as for your other issue, your (potential) feelings for your friend. what it sounds like to me, not knowing the whole situation, is that you are feeling like you aren’t worth having a relationship that might work. that might be part of why you have stayed with a partner that you have continual problems with, and why you are so hesitant to pursue something with someone who sounds like she has your best interests in mind and really wants you to be happy. you mention that you feel like you don’t have things together to be with anyone other than your current partner, and that you’ve considered therapy. maybe it would be worth taking some time alone and trying to figure out what it is you really want in love. if what you really want might be taking a chance with your friend, give it a try. if she is a good friend, you can take things slow and see where they go. start by asking her to spend some more time together. watch a movie together (always a good bet for making a move) and try snuggling up, or holding her hand.

in both of these situations, it sounds like you know what you need to do and want to do. that’s the easy part. the hard part comes now: having the courage to go for what you need. love is all we get in life. go for it. always, always go for it.

I leave you with this:

“Love is everything it’s cracked up to be. That’s why people are so cynical about it…It really is worth fighting for, risking everything for. And the trouble is, if you don’t risk everything, you risk even more.” – Erica Jong

good luck out there.


on going to grad school
September 11, 2010, 9:46 pm
Filed under: advice, career, education, life | Tags: , , , , ,

dear spoonah,

I finished my BA a few years ago and have a decent job, but am feeling unsatisfied with my life. I don’t make very much money and there’s no real room for growth in this job. I love working with young people, especially high school age people, so I have been thinking about becoming a teacher. I applied for an accelerated M.Ed graduate program and was accepted, and am supposed to start in a few months. Recently I’ve been feeling like maybe this isn’t the right choice, and that I am not sure that I want to be a teacher or even stay living in this area any longer. Am I signing up for a life of debt and disappointment?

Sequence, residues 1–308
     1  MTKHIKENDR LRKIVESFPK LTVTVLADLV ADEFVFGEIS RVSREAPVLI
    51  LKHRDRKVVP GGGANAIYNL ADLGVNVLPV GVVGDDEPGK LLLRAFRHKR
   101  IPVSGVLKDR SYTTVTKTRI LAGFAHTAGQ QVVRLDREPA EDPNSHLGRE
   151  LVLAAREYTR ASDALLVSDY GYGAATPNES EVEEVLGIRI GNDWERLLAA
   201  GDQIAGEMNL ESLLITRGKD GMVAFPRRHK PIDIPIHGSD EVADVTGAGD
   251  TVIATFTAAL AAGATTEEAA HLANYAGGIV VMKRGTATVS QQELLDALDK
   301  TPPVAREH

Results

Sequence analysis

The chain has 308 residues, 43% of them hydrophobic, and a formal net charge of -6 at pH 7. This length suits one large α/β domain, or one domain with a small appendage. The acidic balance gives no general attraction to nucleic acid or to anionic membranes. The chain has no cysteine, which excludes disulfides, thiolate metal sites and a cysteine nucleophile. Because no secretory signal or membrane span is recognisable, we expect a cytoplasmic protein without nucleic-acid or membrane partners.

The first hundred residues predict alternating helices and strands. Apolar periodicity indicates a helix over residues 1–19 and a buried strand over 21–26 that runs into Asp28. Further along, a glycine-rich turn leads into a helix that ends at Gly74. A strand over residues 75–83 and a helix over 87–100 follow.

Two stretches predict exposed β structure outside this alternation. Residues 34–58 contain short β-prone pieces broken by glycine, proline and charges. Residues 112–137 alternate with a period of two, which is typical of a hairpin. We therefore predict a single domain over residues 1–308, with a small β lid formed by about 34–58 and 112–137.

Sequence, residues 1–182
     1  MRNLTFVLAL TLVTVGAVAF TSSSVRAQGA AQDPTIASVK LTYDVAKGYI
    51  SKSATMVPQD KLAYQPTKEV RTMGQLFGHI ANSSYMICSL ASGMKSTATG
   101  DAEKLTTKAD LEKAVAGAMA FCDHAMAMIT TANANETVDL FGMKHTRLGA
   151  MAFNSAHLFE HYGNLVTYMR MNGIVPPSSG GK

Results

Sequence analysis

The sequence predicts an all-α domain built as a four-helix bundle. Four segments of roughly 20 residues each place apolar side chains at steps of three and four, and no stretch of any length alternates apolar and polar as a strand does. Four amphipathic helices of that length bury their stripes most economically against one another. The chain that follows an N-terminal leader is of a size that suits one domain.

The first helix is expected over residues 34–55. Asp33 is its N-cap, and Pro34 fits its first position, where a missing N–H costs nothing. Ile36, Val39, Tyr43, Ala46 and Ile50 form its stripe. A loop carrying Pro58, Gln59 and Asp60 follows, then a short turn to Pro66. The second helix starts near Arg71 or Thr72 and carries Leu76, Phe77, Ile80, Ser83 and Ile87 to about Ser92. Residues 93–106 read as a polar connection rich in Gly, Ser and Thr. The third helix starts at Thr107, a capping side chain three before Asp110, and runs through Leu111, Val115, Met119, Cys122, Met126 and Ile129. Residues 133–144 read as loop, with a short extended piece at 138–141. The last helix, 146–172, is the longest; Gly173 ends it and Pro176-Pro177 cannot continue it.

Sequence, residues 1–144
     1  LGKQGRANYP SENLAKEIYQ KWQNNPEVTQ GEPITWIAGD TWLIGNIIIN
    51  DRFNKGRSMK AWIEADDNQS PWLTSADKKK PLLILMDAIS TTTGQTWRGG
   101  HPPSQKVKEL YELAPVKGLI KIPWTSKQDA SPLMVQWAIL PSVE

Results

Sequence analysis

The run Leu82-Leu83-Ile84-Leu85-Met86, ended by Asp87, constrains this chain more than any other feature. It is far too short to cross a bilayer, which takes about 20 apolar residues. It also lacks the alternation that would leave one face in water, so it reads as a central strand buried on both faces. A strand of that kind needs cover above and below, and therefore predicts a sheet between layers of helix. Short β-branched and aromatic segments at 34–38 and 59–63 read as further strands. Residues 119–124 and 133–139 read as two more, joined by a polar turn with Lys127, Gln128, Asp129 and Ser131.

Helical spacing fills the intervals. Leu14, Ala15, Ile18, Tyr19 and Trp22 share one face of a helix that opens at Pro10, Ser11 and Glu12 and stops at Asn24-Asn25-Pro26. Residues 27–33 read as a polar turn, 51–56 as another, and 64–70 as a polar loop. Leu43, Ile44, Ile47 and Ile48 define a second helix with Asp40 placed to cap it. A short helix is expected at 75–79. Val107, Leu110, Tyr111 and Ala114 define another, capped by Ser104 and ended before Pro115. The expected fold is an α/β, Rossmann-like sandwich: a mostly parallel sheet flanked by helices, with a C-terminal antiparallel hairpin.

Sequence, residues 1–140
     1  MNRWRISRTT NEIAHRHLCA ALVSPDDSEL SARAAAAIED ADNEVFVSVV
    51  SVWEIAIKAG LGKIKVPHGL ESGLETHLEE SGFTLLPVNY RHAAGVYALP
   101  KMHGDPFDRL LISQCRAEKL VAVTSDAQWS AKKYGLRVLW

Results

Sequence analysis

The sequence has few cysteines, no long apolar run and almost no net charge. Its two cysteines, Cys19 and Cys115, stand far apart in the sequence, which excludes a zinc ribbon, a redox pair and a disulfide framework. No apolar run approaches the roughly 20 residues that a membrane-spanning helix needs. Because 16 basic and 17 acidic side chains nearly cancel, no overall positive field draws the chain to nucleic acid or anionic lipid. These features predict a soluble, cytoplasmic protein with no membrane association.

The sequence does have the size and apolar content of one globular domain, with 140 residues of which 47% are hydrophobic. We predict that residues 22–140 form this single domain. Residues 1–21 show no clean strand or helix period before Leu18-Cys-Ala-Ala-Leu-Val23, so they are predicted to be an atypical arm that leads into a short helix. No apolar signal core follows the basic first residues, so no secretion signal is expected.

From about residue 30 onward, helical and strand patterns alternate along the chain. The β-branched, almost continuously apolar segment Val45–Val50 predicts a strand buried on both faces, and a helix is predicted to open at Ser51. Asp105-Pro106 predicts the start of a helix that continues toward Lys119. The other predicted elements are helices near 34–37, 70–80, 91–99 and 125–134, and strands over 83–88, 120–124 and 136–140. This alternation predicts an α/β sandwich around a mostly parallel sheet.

-worried at work

dear worried at work,

it sounds to me like you are stuck in a situation that may not be all that bad, but is not where you want to be right now, regardless. my advice when you are stuck is to move in any direction, even if that direction is backwards (or feels that way). it’s like if you’re in quicksand, you can’t be picky about branch that pulls you out. the key is to get out of the situation so that you can see things more clearly, and make a decision without feeling bound to it. perhaps that graduate program really is what you want and will be happy with, but it sounds right now like you aren’t in a position to make that decision. if you go into it thinking you might be making a mistake, it will color your whole experience, and an accelerated graduate program is no place to be if you aren’t committed to the outcome.

my advice is this: do something that is nothing like what you are doing now, for a little while. maybe you want to move, try out a different kind of job, or travel. spend a few months to a year doing something you think you might want to do more, and find out. if your worst case scenario ends with you moving back and going to that program in a year or so, I think you’ll be fine. there’s no point in doing anything that intense (emotionally, mentally, and financially) while spending the whole time wishing you were working as a waitress in Mexico. I mean, you’d probably hate that, but at least you’d know.